From Bulbapedia, the community-driven Pokémon encyclopedia.
The GameShark is a cheating device used to alter the internal data of many video games. It is well-known for its use in the Pokémon series, as it is one of the ways to easily obtain legendary Pokémon or Pokémon only available through an event, and many rare items, such as Master Balls, Rare Candies, or vitamins.
Use of a GameShark can sometimes cause corruption of a save file. This is especially likely if the game is not inserted correctly into the slot or if it is bumped while playing. In the Generation I games, complete deletion of the save may occur if the game is taken out while the GameShark is running. Also, if too many codes are entered in a GameShark, it may stop working.
A GameShark code for these consoles is written in the format ttvvaaaa. tt specifies the code type and VRAM bank, which is usually 01. vv specifies the hexadecimal value the code will write into the game's memory. aaaa specifies the memory address that will be modified, with the low byte first (e.g. address C056 is written as 56C0). The GameShark hooks into the vertical blank interrupt to write the given value to memory every frame. Up to 15 codes can be active at once.
GameShark codes for Game Boy Advance are encrypted; once decrypted, the codes are in the format ttaaaaaa vvvvvvvv. The GBA GameShark supports multiple code types such as 8-bit, 16-bit and 32-bit memory write, memory copy, conditional write, and ROM patching. It also supports long codes, which span over several lines and write up to 256 bytes into memory.
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GameShark codes for Nintendo 64 use the format ttaaaaaa vvvv. The N64 GameShark supports fewer code types than the GBA GameShark, and codes can only write up to 2 bytes each. With games that do not use the N64 Expansion Pak, the GameShark can use it to store thousands of active codes or an in-game code search tool. Games that use the Expansion Pak have limited support, but generally still allow a few dozen active codes.
The N64's CIC protection chip prevents the GameShark from working natively with many games. To play a protected game, the user must first insert a non-protected game (e.g. Super Mario 64), turn the console on, and select the appropriate key code in the GameShark menu. The user can then turn the console off, insert the protected game, and use the GameShark normally. This process must be repeated every time a protected game is used, and the GameShark will be rendered unusable if the user selects a key code that does not correspond to any game they own.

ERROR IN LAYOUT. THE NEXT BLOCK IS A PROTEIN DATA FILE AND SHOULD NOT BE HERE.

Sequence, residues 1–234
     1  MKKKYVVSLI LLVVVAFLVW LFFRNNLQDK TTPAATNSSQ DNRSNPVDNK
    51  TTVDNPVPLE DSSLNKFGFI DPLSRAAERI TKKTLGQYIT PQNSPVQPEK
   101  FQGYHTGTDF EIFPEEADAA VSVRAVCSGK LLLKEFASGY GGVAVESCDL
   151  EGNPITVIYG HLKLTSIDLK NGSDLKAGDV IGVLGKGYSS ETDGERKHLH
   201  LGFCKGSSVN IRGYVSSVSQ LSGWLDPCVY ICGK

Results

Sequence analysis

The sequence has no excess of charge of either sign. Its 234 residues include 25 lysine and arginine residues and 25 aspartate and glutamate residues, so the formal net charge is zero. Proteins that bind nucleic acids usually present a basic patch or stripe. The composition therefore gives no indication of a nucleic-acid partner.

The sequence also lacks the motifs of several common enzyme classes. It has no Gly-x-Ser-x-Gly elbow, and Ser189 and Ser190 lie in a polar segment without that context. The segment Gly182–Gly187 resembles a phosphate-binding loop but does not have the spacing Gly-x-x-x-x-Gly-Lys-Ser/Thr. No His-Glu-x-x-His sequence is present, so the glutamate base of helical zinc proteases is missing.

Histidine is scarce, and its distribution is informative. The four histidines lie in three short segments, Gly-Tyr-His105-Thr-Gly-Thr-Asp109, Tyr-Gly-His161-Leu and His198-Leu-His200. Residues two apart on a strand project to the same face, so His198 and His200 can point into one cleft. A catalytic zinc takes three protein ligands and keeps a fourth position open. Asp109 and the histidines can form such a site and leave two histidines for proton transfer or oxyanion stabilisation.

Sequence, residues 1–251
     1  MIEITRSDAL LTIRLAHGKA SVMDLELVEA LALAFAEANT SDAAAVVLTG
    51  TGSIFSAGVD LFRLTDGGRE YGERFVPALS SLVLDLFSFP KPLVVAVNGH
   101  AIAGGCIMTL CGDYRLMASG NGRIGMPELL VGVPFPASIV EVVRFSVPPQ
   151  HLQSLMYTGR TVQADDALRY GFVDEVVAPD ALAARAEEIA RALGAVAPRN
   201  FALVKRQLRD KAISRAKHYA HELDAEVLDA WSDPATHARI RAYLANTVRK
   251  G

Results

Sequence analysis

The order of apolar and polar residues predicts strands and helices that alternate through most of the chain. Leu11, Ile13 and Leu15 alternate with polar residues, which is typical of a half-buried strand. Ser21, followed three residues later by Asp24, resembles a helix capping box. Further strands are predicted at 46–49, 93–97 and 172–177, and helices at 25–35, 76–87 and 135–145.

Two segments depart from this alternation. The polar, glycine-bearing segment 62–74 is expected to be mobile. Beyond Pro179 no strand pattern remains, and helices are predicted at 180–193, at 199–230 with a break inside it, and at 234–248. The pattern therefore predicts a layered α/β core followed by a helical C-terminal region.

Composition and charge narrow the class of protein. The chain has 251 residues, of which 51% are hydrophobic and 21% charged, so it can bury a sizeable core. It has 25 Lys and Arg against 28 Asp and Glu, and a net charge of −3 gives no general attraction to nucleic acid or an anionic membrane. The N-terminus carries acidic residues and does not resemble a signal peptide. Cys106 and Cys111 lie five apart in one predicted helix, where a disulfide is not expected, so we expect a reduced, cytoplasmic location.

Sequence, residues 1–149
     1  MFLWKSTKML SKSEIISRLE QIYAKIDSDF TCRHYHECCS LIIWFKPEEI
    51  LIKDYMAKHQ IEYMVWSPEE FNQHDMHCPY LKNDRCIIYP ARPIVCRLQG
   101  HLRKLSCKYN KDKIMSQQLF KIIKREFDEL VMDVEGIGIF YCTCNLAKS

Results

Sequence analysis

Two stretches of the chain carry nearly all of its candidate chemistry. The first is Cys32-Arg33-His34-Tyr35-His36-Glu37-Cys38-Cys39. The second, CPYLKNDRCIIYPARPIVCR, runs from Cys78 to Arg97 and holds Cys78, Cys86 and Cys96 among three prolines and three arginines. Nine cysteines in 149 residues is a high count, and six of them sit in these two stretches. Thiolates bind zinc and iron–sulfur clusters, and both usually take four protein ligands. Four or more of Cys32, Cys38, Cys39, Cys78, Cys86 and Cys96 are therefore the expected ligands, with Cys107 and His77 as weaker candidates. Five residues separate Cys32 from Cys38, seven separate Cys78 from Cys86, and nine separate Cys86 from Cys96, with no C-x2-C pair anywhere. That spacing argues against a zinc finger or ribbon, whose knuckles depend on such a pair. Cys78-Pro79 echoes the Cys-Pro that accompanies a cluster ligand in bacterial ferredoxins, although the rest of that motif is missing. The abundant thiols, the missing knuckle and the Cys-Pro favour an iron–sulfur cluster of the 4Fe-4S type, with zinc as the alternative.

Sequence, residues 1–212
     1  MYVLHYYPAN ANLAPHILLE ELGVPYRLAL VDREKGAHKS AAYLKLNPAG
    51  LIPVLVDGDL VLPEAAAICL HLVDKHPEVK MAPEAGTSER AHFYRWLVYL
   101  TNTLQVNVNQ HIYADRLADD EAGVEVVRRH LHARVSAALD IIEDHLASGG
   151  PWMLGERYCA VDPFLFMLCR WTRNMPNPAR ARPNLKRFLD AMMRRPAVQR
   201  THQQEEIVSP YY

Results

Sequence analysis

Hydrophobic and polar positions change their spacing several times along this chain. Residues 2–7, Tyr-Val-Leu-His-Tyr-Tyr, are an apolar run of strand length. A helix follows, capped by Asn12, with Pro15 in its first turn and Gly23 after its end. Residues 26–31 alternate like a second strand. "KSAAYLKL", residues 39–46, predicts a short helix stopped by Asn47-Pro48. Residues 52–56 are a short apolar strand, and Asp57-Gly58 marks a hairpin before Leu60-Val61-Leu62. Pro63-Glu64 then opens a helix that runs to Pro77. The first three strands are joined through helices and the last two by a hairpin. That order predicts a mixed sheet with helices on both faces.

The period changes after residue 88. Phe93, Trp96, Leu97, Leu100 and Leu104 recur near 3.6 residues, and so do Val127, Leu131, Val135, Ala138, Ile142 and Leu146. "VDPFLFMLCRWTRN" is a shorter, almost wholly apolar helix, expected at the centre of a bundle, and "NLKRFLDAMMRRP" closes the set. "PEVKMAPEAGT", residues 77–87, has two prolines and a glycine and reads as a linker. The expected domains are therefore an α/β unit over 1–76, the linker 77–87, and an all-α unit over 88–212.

If a code is incorrectly entered, the game may give the player a Bad Egg, rewrite the Bag contents, freeze the game, corrupt or delete a Pokémon, corrupt the Hall of Fame data, or simply corrupt the save file. These occurrences may also occur at other times. In other situations, nothing unintended may occur.
The GameShark was widely criticized for its poor construction and software quality. The Game Boy Color and Nintendo 64 models had a bare cartridge connector instead of a slot, so cartridges could be easily jarred out of place during play. The software used buggy and incorrect methods of writing to its internal memory, which caused it to occasionally corrupt the code list or the software itself and could render the device unusable. The case was made of thin plastic and fell apart easily.
Additionally, the devices left the flash memory chips fully accessible to games, which allowed them to easily detect and even erase the GameShark. No games are known to tamper with it, however most N64 games included routines that would prevent the game from running or erase save files if a GameShark was detected. While these routines can be detected and removed automatically, the GameShark did not make any attempt to do so.